The die opening or upstroke of the press now begins. If a container or pan with a flange upstanding from its rim is to be the finished product, as may be desired, the depth of the notch is as shown at 48a (Fig. 13), so that its bottom will not engage the edge of the flange, whereby the dies merely move to open position and the pan is ejected therefrom by an air blast or other suitable manner. In order to provide the pan with a closed rim bead, as is specifically desired for a pie pan and the like, a shallow notch 48, as shown in the other drawings, is provided. During opening movement of the dies from the position shown in Fig. 7 to that shown in Fig. 8, the springs 56 hold the top die 50, the draw ring 18 and the confined pan against upward movement. The punch 53 is positively raised with the upwardly moving'top plate 12 and the outer draw ring 19 follows under the upward thrust of its push rods 23 and maintains the ring 57 up in contact with the end wall of the punch. The flat bottom wall of the notch 48 in the draw ring 19 contacts the flared end of the flange and exerts vertical pressure thereon and the flange rolls or curls outwardly and back into a substantially fully closed bead 80, as shown at D in Fig. 3. To render this curling operation successful,
' it has been found necessary to support the flange against inward collapse, which the ring 18 provides, and to make the width and depth of the notch greater than the diameter of the bead which forms, so as to allow the flange to curl up in a natural curve without restriction, or frictional contact with the side wall of the notch and the bottom of ring 57.
The head now needs to be bent back so that it will be disposed at the upper side of the rim 73 of the inverted pan, as shown at E in Fig. 3, and, hence, will be at the underside of the rim of an upright pan after its removal from the dies. This is accomplished by further upward movement of the punch 53, ring 57 and the draw ring 19, with respect to the still immobile top die 50, from9 the position shown in Fig. 8 to that shown in Fig.
It is in this latter position that the heads of the supporting bolts 55 for the die 50 reengage the top plate 12 and, in consequence, the top die 50 is lifted or moved up in unison with the punch. This allows theinner draw ring 18 to rise under the upward thrust of its push rods 21. Thereby, the finished pan is lifted from the bottom die 16 and the die elements move up to the position shown in Fig. 10. Just before reaching this position, the outer draw ring 19 comes to rest by engagement of its flange with the cutedge die 15 and the head 80 is subjected to the light downward pressure of the ring 57 as the head is moved out of the notch 48. The shouldered engagement 61 between the punch and the stripper member 60 is also reestablished when the dies reach the position shown in Fig. 10.
The top die assembly continues to move upwardly and the pan needs to be released from the cavity of the top d1e 50. This is accomplished by means of a suitable number of conventional spring-pressed ejector pins 82, only one of which is shown in Fig. 1, carried by the counterplate 52. As the top die moves away from the inner draw ring 18 to an upper position, the ejector pins act on the bottom of the pan and the ring 57 acts on the bead 80 and effect release of the pan from the upper die, as shown 1n Fig. 11. Then when the upper die assembly becomes sufficiently open, the pan may be laterally e ected from the dies by an air blast or in any other well known way.
In order to prevent collapse of the bottom of the pan when it is lifted from the male die 16 and also to facilitate its release from the top die '50, both dies are vented by means of vertical ducts 83 and annulas air passages 84 which communicate through suitable ports to the atmosphere exteriorly of the dies, as shown in Fig. 1.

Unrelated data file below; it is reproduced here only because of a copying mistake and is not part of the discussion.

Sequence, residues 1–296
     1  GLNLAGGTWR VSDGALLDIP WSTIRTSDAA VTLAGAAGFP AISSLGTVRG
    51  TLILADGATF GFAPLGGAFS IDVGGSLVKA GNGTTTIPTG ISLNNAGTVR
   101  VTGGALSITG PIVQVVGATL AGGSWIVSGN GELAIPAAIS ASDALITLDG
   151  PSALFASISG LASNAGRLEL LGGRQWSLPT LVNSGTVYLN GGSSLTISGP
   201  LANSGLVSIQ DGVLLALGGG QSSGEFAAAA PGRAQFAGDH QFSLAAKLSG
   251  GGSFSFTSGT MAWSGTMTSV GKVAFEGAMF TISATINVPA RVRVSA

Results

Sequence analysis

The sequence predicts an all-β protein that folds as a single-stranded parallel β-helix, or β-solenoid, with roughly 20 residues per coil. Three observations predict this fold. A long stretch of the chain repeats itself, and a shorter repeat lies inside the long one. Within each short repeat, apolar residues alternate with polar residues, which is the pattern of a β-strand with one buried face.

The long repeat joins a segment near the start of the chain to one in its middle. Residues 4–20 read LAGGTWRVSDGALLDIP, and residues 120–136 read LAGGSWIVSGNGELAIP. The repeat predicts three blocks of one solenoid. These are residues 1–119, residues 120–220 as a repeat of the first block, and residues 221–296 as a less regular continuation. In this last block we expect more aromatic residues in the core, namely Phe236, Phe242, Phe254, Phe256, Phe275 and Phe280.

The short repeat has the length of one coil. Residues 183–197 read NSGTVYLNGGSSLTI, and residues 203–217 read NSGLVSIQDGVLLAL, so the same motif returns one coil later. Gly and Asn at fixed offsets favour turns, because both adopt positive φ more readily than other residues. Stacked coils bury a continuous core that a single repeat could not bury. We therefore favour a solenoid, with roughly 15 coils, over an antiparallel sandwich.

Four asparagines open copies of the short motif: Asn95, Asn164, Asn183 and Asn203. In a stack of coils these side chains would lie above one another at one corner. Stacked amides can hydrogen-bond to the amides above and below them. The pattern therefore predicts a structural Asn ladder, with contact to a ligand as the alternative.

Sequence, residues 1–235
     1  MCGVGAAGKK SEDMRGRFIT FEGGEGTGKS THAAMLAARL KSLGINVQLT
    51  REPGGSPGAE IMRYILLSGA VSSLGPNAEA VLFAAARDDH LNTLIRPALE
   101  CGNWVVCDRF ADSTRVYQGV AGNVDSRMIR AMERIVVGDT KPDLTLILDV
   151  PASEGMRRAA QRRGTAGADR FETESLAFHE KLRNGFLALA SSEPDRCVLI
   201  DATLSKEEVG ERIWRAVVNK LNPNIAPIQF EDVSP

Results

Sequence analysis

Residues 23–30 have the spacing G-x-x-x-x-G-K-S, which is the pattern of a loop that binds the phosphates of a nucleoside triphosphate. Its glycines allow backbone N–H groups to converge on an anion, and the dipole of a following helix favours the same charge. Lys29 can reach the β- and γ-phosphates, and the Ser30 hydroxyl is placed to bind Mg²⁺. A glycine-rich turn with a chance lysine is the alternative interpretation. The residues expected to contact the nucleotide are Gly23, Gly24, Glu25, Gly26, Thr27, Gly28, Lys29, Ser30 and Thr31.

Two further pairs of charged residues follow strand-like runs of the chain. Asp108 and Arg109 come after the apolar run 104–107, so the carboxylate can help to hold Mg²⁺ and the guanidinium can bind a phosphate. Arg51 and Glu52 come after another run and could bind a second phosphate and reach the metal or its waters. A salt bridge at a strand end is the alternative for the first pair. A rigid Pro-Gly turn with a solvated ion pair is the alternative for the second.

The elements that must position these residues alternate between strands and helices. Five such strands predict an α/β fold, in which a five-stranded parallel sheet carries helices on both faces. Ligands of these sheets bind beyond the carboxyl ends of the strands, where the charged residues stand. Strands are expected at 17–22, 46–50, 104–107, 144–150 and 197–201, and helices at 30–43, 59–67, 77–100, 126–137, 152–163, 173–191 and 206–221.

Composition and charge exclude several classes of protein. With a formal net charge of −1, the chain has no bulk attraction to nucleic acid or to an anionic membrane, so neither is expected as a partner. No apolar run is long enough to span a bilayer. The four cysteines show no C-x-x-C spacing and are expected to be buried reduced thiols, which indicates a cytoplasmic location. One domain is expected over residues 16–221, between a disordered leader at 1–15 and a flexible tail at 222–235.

Having now fully described the invention and indicated a preferred manner of constructing and using the same, it will be apparent that various changes in the details of the embodiment of the invention illustrated and described hereinabove may be made by those skilled in the art Without departing from the spirit and scope of the invention as defined in the appended claim.
What is claimed is:
In apparatus for forming pans and the like from frangible metal foil, co-axial male and cavity dies movable into closed position to form a bottom and sloping side wall of a pan from an interposed foil disc blank, said cavity die having a fiat rim surrounding its cavity for forming a pan rim with its edge lift projecting, a punch encircling said cavity die and cooperating with an opposed cutedge die'to cut said blank from a foil strip, depressible inner and outer draw rings opposed to and coactive with said die rim and said punch, respectively, for placing contiguous marginal areas of the blank under draw tension insuificient to prevent wrinkle formation in said side wall and pan rim during the die closing movement, the outer draw ring having a notch formed 15 in the inner edge of its face, means yieldingly holding said cavity die within said punch in projecting relation thereto, whereby said draw rings are moved thereby into offset planes and the foil blank bent diagonally across said notch to control the wrinkle formation during the die closing movement, said punch being movable forwardly relative to said cavity die past said closed die position, a ring internal of and movable with said punch and having radialclearance with respect to said inner draw ring by an amount slightly greater than the average thickness of the foil for drawing said rim edge along the outer side of said inner draw ring and smoothing out the wrinkles therein to form a rim flange with its free edge flared outwardly, said notch having a flat bottom to roll said flange back into a substantially fully closed rim bead and bend the same into position beyond the plane of said pan rim during initial retractive movement of said punch, the area of said notch being greater than the diameter of said head, and bolt and spring elements associated with said internal ring to normally yieldingly hold the same in projecting relation to said punch, whereby the ring serves as an ejector to exert outward pressure on said head and assist in releasing the completd pan from'said cavity die during die opening movement.
References Cited in the file of this patent UNITED STATES PATENTS 535,472 Troyer Mar. 12, 1895 1,029,333 Adriance et al June 11, 1912 1,575,300 Weeks et a1. Mar. 2, 1926 1,884,708 Jeneson Oct. 25, 1932 1,974,981 Carvalho Sept. 25, 1934 2,040,731 Ernst May-12, 1936 2,136,308 Miller Nov. 8, 1938 2,312,749 Bollock Mar. 2, 1943 2,331,491 Menkin Oct. 12, 1943 2,434,375 Van Saun Jan. 13, 1948 2,591,108 Vigneault et a1. Apr. 1, 1952 2,331,491 Menkin Oct. 12, 1953